Marquette Warrior: How Socialism Has Harmed Europe

Friday, March 16, 2012

How Socialism Has Harmed Europe

From the Wall Street Journal:
“Jobs and economic growth” will be the focus at today’s crisis summit in Brussels, but judging by recent meetings European leaders will address the financial symptoms rather than the causes of their economic woes. For insight into the latter, they might do well to read a report on Europe published last week by the World Bank, of all unlikely places.

The study’s lead authors, World Bank economists Indermit Gill and Martin Raiser, conclude that the Continent’s basic growth model of the last half-century is seriously amiss, and that it will take more than well-meaning summitry to fix it.

Some of the news in the report is good. Europe, despite its woes, still accounts for one-third of world GDP with only one-tenth of world population. Before the financial crisis, half of the world’s $15 trillion in trade in goods and services involved Europe. Within the Continent, the single market has created a boom in cross-border trade and investment, raising the incomes of millions of Southern and Eastern Europeans over the last few decades.

As for the bad news, the first source of trouble is the labor market. European workers aren’t nearly as productive as they ought to be, especially in the South. Labor participation is low, and those who are employed are working less than they used to. In the 1970s, the French worked the longest hours among advanced economies. By 2000, they worked a month and a half less than Americans each year.

Europe’s demographics also aren’t on the side of growth. Populations across the developed world are graying, but Europe’s low productivity growth means that its future labor shortfall will be especially acute. It doesn’t help that Europeans draw social security benefits earlier and more easily than their developed-world peers. Pension commitments will strain national budgets even if Angela Merkel gets her way on handcuffing euro-zone public debt.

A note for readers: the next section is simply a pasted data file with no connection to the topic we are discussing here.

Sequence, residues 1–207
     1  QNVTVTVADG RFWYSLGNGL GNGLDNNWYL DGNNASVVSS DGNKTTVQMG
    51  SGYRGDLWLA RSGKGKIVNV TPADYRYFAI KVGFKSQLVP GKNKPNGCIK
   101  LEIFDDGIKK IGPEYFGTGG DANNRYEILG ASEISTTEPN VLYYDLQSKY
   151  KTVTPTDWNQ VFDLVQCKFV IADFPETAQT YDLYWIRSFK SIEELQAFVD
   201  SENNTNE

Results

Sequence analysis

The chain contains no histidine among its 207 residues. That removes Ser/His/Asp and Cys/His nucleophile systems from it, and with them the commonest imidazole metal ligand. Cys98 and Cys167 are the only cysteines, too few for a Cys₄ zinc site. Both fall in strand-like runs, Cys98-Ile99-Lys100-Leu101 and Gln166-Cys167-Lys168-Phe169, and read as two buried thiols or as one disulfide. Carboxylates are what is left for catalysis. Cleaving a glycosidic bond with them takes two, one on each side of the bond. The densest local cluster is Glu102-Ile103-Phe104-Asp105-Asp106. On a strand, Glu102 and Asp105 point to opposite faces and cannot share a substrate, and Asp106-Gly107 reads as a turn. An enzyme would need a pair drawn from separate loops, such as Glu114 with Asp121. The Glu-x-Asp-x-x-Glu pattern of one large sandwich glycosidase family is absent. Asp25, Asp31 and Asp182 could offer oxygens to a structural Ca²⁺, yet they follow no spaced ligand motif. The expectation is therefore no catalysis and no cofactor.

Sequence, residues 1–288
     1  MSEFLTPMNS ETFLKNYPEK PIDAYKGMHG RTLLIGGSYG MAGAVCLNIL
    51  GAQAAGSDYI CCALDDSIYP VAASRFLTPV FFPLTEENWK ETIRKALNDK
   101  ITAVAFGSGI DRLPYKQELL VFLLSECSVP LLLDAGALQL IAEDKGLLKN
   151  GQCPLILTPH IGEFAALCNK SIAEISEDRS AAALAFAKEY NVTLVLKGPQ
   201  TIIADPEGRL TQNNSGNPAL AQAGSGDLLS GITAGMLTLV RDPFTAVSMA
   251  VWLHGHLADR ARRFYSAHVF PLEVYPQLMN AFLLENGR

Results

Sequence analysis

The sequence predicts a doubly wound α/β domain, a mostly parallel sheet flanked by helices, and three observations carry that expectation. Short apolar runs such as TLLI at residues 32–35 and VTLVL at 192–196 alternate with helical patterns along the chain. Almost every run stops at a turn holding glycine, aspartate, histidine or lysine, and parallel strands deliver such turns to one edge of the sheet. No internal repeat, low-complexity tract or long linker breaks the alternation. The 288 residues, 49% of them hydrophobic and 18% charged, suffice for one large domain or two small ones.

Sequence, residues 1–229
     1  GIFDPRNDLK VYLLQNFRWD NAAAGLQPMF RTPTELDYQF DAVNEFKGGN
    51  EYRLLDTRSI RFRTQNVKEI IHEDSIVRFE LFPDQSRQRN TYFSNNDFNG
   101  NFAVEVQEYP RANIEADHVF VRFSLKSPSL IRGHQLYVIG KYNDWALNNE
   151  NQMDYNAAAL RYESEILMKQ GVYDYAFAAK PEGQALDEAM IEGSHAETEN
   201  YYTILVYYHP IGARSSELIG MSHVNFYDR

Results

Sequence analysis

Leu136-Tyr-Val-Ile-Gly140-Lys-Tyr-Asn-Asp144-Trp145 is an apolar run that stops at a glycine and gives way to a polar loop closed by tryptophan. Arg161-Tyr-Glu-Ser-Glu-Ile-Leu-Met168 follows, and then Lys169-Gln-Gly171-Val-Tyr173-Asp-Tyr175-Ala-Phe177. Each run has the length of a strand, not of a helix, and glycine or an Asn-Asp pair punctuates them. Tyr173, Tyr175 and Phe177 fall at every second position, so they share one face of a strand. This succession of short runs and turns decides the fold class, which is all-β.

Which brings Messrs. Gill and Raiser to the other serious drain on European growth. Big government, by their calculation, shaves about two percentage points off growth once public spending passes 40% of GDP. Some welfare states are better-run than others—think Sweden and Germany—but the World Bank report highlights a few important connections between the welfare state and growth.

Today, European governments spend more on social protection than the rest of the world combined, thereby entrenching powerful disincentives to work and enterprise. Social protections have also come at huge direct cost to taxpayers. Europe’s giant debts arose because of “public spending to protect societies from the rougher facets of private enterprise,” the authors write. It’s rare to hear an institution such as the World Bank that is typically sympathetic to its political bosses put the matter so clearly.

A few policy fixes suggest themselves. Labor is still not as mobile within the EU as once envisioned. Easing restrictions on immigration from outside the EU is highly controversial, but it would help Europe face its demographic and economic shortfalls. Wealthy European countries have suffered a net drain of 1.5 million highly educated people to the U.S. alone in the last few decades.

But something deeper that needs adjustment. “From North Americans,” the authors write, “Europe could learn that economic liberty and social security have to be balanced with care: nations that sacrifice too much economic freedom for social security can end up with neither, impairing both enterprise and government.”

Messrs. Gill and Raiser call Europe a “lifestyle superpower”: It attracts tourists in droves, and its residents enjoy peace and a high standard of living. But it’s not getting richer. Unless it again puts income growth ahead of income security and redistribution, the Continent will continue to decline as an economic power.

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Anonymous Anonymous said...

The point of this article (from the penultimate paragraph) seems to be that the right balance is needed between social security (or social safety nets) and economic freedom, not that social safety nets are bad in themselves. This is something that most liberals I know would agree with (despite the caricatures of liberals that come from people like you).